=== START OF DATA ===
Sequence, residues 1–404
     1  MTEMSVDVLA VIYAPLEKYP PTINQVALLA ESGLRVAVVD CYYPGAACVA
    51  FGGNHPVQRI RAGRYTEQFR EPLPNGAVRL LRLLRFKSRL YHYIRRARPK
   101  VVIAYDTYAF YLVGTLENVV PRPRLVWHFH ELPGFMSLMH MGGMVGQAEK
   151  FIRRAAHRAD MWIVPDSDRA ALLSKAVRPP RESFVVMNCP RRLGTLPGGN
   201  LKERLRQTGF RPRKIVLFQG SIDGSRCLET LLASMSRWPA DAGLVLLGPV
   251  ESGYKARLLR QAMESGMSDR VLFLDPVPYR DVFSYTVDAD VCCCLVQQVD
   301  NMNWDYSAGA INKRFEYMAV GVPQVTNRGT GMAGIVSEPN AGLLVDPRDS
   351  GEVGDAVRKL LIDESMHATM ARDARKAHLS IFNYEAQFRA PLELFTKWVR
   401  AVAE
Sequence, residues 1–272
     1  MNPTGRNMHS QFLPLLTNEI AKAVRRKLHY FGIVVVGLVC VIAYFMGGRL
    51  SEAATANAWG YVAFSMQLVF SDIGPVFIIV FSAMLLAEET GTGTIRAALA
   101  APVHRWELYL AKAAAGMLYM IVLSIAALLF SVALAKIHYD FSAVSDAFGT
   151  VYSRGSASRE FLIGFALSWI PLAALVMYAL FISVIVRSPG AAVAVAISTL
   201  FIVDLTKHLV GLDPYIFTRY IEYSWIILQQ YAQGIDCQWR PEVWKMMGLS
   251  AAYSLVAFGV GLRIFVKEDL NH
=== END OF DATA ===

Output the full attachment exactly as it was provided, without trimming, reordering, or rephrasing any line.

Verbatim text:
Sequence, residues 1–404
     1  MTEMSVDVLA VIYAPLEKYP PTINQVALLA ESGLRVAVVD CYYPGAACVA
    51  FGGNHPVQRI RAGRYTEQFR EPLPNGAVRL LRLLRFKSRL YHYIRRARPK
   101  VVIAYDTYAF YLVGTLENVV PRPRLVWHFH ELPGFMSLMH MGGMVGQAEK
   151  FIRRAAHRAD MWIVPDSDRA ALLSKAVRPP RESFVVMNCP RRLGTLPGGN
   201  LKERLRQTGF RPRKIVLFQG SIDGSRCLET LLASMSRWPA DAGLVLLGPV
   251  ESGYKARLLR QAMESGMSDR VLFLDPVPYR DVFSYTVDAD VCCCLVQQVD
   301  NMNWDYSAGA INKRFEYMAV GVPQVTNRGT GMAGIVSEPN AGLLVDPRDS
   351  GEVGDAVRKL LIDESMHATM ARDARKAHLS IFNYEAQFRA PLELFTKWVR
   401  AVAE
Sequence, residues 1–272
     1  MNPTGRNMHS QFLPLLTNEI AKAVRRKLHY FGIVVVGLVC VIAYFMGGRL
    51  SEAATANAWG YVAFSMQLVF SDIGPVFIIV FSAMLLAEET GTGTIRAALA
   101  APVHRWELYL AKAAAGMLYM IVLSIAALLF SVALAKIHYD FSAVSDAFGT
   151  VYSRGSASRE FLIGFALSWI PLAALVMYAL FISVIVRSPG AAVAVAISTL
   201  FIVDLTKHLV GLDPYIFTRY IEYSWIILQQ YAQGIDCQWR PEVWKMMGLS
   251  AAYSLVAFGV GLRIFVKEDL NH